The three-day event showcased research, engagement and innovation across the community.
Texas Tech University's annual Discoveries to Impact Week (DTI) brings together faculty, staff, students and the public to showcase research, engagement, innovation and business startups; compete for prize money for the best innovations and startup ideas; and hear from numerous thought leaders, intriguing panelists and dynamic innovators.
For the second time, it did so virtually – and with overwhelming success. Over the conference's three days, students and faculty research endeavors and startups were showcased, and winners took home a combined $199,000 to support their scholarly activities. More than 800 people participated.
“Each year, the Discoveries to Impact Conference presents some of the extraordinary talent of our students, faculty and staff,” said Lawrence Schovanec, Texas Tech president. “Kimberly Gramm and her team have developed a thriving ecosystem at the Innovation Hub that values and supports the intersection of research and innovation. I am very proud of the dedication of all involved and look forward to this event resuming on campus in the future.”
Texas Tech Accelerator
Thanks to the 34 mentors and volunteers who helped score business plans, the Innovation Hub at Research Park awarded a total of $175,000 to the seven startup companies accepted into its 2021 Texas Tech Accelerator program. These teams now gain access to initial seed-funding support, each receiving a $25,000 grant, co-working space, education and team mentoring during the yearlong process designed to help launch startup companies or discover licensing opportunities based on proven ideas, inventions or intellectual property from university technologies.
“All year, faculty, staff, industry mentors and students develop ideas to solve problems and create impact to make Texas a better place – this is a remarkable undertaking of Red Raider talent and passion,” said Gramm, the associate vice president of innovation and entrepreneurship. “Our 18 sponsors highlighted the entrepreneurs and scholars by funding the competitions and prizes awarded during the conference and demonstrating the community's commitment to innovation – a truly special experience.”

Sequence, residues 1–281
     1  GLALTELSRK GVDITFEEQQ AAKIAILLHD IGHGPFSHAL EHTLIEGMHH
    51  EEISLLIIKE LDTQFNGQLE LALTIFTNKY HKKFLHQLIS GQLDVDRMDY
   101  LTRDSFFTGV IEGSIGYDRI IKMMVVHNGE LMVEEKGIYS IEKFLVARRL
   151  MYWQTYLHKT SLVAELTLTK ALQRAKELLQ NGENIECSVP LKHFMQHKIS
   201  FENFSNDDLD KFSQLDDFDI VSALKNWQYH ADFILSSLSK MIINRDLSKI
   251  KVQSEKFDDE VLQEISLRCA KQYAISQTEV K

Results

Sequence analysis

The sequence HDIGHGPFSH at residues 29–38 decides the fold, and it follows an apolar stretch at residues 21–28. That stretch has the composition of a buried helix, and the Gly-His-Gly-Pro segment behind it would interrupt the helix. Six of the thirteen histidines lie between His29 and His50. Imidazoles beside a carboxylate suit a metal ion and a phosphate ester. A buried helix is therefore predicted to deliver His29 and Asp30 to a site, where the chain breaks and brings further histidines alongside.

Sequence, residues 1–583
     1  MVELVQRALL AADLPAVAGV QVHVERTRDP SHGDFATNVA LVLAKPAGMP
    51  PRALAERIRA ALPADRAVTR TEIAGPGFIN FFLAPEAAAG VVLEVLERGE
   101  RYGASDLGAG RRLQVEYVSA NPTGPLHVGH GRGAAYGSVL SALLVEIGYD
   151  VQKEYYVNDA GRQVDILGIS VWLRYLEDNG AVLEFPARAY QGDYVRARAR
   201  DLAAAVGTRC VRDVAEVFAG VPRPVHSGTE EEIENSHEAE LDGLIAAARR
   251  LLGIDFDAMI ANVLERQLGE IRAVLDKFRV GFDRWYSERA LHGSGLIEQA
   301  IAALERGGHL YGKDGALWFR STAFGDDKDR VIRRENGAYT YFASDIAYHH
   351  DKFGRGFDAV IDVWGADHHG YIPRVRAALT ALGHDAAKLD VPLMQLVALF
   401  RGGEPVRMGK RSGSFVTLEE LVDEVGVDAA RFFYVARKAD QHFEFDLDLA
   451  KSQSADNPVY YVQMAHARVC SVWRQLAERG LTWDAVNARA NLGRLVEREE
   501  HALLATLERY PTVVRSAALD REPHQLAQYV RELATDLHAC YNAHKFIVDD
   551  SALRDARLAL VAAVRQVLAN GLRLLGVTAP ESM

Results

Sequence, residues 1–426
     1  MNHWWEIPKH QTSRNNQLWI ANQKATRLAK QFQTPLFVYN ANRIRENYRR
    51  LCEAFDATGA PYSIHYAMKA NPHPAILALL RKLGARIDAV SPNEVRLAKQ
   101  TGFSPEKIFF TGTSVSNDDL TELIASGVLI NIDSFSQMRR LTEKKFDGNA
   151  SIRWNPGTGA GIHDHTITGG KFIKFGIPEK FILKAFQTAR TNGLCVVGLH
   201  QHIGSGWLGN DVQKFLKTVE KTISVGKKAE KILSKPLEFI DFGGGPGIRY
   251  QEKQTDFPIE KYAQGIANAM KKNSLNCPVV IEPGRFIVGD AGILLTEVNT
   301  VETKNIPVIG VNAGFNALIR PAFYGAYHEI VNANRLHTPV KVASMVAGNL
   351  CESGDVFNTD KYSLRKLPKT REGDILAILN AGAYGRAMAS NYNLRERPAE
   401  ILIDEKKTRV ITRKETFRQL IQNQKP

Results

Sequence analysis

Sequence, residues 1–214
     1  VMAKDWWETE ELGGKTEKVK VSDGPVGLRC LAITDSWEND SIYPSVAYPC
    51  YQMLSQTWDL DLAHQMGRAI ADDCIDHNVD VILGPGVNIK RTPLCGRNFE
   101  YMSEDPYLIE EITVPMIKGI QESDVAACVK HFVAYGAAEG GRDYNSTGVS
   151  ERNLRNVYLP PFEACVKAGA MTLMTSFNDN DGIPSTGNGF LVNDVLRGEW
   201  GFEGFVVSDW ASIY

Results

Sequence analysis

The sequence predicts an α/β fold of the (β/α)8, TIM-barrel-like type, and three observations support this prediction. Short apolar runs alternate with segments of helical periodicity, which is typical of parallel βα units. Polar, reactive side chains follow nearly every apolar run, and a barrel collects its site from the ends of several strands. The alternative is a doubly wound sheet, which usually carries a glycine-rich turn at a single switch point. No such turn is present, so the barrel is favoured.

Undergraduate Research Conference
The Undergraduate Research Conference (URC), hosted by the Center for Transformative Undergraduate Experiences (TrUE), is one of the largest interdisciplinary undergraduate research conferences in the nation. This year it brought together 280 students to share their knowledge and ingenuity, 215 through recorded presentations of their research and creative activities and 190 in-person Impact Talks. Presentations included artistic performances and visual art exhibits representing a broad range of fields, including the humanities, performing arts, biological and chemical sciences, social sciences and physical sciences.
Winners will be awarded a combined $17,500 from the Lubbock Economic Development Alliance.
“We are excited to award $17,500 in outstanding student presenter awards, thanks to a generous contribution from the Lubbock Economic Development Alliance,” said Levi Johnson, director of TrUE.
Awards will be announced on the TrUE this week.
“The Undergraduate Research Conference and Discoveries to Impact Week are highlights of our spring semester,” said Texas Tech Provost Michael Galyean. “It is exciting to engage with students at the beginning of their development as scholars and professionals. Thanks to all the students, faculty and staff who worked so hard to make this event possible.”
Engaged Scholarship Symposium
During the Engaged Scholarship Symposium, University Outreach and Engagement awarded $6,500 to winners of the President's Excellence in Engaged Scholarship Awards and the President's Emerging Engaged Scholarship Award and recognized the President's Exemplary Program Award. The awards recognize Texas Tech faculty who demonstrate exemplary engagement with community partners through a project or initiative aimed at finding solutions to important social, economic or environmental issues.
Courtney Griesel, economic development director of Springfield, Oregon, and co-founder of the Educational Partnerships for Innovation in Communities – Network (EPIC-N), gave the keynote address, “The Role of Public Universities in Building Resilient Communities.”
“It is so exciting to hear the Texas Tech panelists discuss their engaged scholarship projects and collaborations with community partners,” said Birgit Green, assistant vice provost of University Outreach and Engagement. “In fact, this year several of the award-winning teams included their community partners in the discussion. Hearing the community's voice and the impact that the partnership is having on both the community and the university is very eye-opening. It highlights the value of engaged scholarship and the important societal contributions of our faculty, staff and students.”